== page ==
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Shootout: Final Cut Pro 3 vs. Avid Xpress DV 3.5A head to head, toe to toe, head to toe comparison of Apple's and Avid's DV editing software
Right here, right now I'm going to compare Apple's relatively young Final Cut Pro 3 to the veteran Avid's entry into the DV edit market, Xpress DV 3.5. In this contest I am determined to pick a winner.
See, the tendency is to say something like, "These are both fine programs, each with unique and compelling abilities," but that'd be copping out. If I did that, I'd hate myself. If I falter here, what choice will confound me next? Paper or plastic? Your money or your life? So, if you just want to cut to the chase, jump to the last page. I'll probably call the paragraph something like -- The winner is ... (I'll try to think of something more appropriate before then). Bottom line, I will call one the better program.
I've been editing on Final Cut Pro (FCP) since February but before that always on Avids -- big ones, small ones, networked ones, both Windows and Mac. I've been on Avid's Xpress DV 3.5 (XDV), our entry in today's comparison, since early July.
I've had a chance to lay down thousands of edits and look at both systems under stress. I've had the opportunity to do some effects and a lot of color correction. I've done a lot of basic audio work -- mostly mixing and EQ. I can confidently say right here and now these are both fine programs, each with unique and compelling abilities.
This is a sMACkdown.
All Mac. This challenge arose when Avid Xpress DV 3.5 climbed into the ring with Final Cut Pro. Buy Avid Xpress DV 3.5 and you'll get a Windows version in the same box.
I don't do Windows.
Both programs installed on my Mac G4, Dual 1GHz, 1.5GB RAM without a hitch. Both recognized my deck, a Sony DSR40, and established machine control easily. Both programs offer a comprehensive tutorial. Being new to FCP I did that one. I did read through the tutorial manual for XDV and decided I wouldn't learn much more than fourteen years on Avid products had already taught me. I decided to jump right in and digitize some footage. The record tool was easy and familiar. Pop in a tape and the system insists you name it. You determine whether you want to log footage for a batch capture later or just capture as you go. You choose your tracks with clicks of the very clear and obvious buttons -- V1, A1 and A2. Set an in and out and click record. While the shot is recording you can add comments. When it's digitized it pops up in the bin with the title selected. Add more info or move on.
|Click for enlargement -- Avid Xpress DV 3.5 recording|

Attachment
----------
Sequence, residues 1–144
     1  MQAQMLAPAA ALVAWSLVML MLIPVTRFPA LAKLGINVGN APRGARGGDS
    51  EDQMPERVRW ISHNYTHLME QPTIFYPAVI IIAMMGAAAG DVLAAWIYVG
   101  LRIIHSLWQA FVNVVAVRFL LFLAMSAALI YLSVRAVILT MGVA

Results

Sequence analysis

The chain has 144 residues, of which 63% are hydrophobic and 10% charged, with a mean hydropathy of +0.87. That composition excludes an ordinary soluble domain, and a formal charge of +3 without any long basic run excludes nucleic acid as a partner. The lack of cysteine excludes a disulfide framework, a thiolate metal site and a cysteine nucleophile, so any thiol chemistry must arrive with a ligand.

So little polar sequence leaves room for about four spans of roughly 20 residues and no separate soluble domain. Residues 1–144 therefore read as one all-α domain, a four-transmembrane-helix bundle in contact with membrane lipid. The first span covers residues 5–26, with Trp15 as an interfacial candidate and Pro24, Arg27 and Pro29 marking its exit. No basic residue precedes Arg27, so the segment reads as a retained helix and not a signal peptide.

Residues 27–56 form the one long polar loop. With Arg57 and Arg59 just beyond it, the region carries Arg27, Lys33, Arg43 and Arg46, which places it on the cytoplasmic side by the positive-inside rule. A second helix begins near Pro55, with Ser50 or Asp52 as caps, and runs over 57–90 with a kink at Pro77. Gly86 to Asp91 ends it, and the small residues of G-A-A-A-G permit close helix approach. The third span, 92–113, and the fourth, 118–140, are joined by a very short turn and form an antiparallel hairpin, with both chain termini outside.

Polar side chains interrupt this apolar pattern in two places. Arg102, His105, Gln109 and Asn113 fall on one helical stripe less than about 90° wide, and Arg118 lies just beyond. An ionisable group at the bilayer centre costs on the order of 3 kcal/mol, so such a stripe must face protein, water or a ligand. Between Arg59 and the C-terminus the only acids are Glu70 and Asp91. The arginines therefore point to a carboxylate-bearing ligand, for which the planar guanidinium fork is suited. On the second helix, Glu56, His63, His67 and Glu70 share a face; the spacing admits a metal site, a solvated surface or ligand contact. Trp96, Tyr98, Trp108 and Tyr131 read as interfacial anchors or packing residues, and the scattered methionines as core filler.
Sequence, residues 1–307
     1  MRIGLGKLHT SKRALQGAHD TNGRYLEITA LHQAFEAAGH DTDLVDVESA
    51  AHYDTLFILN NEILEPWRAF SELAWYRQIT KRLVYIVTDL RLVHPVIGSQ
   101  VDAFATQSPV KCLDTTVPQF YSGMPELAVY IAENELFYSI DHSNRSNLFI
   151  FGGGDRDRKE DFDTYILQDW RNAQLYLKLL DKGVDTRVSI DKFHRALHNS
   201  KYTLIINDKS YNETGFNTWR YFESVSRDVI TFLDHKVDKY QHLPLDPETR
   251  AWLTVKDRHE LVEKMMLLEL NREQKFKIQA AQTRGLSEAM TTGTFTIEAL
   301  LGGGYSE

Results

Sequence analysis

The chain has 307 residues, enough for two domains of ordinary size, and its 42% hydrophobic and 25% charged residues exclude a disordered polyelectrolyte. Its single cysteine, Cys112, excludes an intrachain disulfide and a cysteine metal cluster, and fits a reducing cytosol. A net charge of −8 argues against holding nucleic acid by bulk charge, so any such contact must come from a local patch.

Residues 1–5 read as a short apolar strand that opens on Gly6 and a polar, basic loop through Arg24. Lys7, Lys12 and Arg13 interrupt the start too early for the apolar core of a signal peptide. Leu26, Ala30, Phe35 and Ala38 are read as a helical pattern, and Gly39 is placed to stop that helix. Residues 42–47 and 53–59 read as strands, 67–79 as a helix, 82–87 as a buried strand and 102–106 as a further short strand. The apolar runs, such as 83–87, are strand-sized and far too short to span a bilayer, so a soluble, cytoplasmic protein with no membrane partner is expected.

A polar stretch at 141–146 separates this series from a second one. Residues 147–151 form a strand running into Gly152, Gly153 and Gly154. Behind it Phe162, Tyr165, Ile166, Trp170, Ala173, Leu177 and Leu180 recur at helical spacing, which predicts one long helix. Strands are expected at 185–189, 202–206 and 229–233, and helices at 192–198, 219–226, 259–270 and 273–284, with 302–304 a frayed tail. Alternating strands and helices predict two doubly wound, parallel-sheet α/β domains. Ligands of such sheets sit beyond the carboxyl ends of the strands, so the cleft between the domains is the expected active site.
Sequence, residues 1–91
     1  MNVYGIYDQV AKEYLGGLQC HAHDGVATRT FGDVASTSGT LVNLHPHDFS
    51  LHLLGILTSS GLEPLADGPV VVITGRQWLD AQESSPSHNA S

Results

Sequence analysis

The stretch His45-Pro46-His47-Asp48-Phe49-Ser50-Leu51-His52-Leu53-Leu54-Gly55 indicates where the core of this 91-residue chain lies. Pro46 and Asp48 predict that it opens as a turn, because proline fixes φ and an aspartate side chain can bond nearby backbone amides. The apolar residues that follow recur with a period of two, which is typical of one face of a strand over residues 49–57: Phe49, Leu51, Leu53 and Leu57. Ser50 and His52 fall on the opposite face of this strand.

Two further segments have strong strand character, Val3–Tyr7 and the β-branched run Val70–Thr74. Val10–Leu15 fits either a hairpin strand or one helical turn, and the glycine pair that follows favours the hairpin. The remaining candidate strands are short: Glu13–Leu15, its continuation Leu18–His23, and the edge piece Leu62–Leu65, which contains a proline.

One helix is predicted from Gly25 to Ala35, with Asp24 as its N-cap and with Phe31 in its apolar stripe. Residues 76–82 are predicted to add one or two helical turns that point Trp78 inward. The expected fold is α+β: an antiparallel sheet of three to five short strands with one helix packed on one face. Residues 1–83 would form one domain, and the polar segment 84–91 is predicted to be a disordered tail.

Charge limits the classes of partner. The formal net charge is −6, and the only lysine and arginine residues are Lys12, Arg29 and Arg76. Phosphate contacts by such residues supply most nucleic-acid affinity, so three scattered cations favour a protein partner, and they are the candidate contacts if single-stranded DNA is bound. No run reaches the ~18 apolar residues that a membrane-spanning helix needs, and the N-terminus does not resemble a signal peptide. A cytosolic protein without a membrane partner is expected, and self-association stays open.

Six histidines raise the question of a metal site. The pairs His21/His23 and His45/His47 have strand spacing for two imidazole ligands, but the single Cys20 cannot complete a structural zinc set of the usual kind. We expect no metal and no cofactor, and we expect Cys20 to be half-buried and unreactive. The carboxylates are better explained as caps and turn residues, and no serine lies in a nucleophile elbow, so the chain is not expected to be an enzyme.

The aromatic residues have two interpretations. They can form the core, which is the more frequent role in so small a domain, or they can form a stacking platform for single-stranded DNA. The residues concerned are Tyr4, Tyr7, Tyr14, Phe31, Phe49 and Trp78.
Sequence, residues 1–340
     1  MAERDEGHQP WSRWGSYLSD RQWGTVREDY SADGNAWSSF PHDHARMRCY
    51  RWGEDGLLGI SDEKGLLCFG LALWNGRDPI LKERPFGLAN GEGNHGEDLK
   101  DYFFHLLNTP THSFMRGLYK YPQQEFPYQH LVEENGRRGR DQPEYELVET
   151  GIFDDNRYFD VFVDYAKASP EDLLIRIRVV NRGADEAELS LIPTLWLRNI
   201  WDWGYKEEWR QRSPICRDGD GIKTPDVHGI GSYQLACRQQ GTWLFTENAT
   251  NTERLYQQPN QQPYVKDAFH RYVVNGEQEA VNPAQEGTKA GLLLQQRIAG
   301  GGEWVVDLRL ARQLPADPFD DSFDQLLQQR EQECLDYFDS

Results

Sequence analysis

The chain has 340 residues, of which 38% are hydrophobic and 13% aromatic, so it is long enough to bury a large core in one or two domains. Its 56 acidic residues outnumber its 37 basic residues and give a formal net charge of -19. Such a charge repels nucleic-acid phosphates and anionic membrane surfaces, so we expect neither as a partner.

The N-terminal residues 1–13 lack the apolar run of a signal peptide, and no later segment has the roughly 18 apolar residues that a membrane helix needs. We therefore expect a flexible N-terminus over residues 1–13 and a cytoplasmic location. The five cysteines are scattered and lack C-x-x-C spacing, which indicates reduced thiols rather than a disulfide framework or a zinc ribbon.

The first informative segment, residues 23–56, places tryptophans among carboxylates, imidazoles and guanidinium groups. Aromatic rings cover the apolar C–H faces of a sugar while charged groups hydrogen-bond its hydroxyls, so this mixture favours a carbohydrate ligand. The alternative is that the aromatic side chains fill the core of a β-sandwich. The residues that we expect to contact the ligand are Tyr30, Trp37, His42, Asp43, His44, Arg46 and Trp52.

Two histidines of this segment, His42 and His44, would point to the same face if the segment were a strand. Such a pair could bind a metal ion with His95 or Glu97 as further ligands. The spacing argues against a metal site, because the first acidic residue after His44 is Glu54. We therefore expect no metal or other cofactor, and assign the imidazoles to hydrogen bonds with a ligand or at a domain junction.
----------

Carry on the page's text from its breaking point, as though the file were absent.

|Click for enlargement-- Apple Final Cut Pro capture|
If the XDV Record tool is built for speed, the FCP Log and Capture tool is built for organization. The program forces you to name each clip and you can't choose a name that's been used. Depending on checked buttons the system will take shot, take or description and compose a name. If the name includes a number, the system will advance the number with each capture. For instance, if you name a shot scene 4, take 1, the next shot automatically advances to scene 4, take 2. This is especially useful for me since I often assign numbers to shots, scenes and, of course, takes. Choosing tracks to record is done on a different tab. A pull-down menu offers video only, audio only or audio and video. A second asks channel 1 only, channel 2 only, channels 1 and 2, stereo or mono mix? You won't be clicking audio channel 2 on and off with different shots. I don't want to give you the impression that you're forced into anything here. The system tries to bring order to your work but it'll let you make all the mistakes you want. For example, load a tape in your deck and Avid forces you to assign tape numbers, suggesting a list of past choices. When you pop a tape into Final Cut it simply suggests you choose a new name. This may seem like a small thing but it points to one of the key differences between FCP and XDV. Though they're aware the distinction between offline and online is blurred in the DV realm, the folks at Avid consider Xpress an offline system, a way to get a jump on the edit between flights. XDV wants precise reel numbers because you're probably going to be reloading these reels when you redigitize your footage into your Symphony. People who own bigger, better Avids are their target consumer.
"First and foremost we assume that many of these folks are also Avid editors, they've used Media Composer, they've used the DS even," says Steve Chazin, the Senior Product Marketing Manager for Express DV. "We wanted to make sure that that customer was extremely comfortable in the Xpress DV environment so they can translate all that knowledge ... without relearning anything ... so you can map the keyboard in Symphony and put that setting file on a floppy disc or e--mail it to yourself and bring it into Express DV, and your keyboard maps entirely."
Related Keywords:Final Cut Pro, Avid XpressDV, Avid, Peter May, thoroughly-tested, shootout article, Apple, Mac
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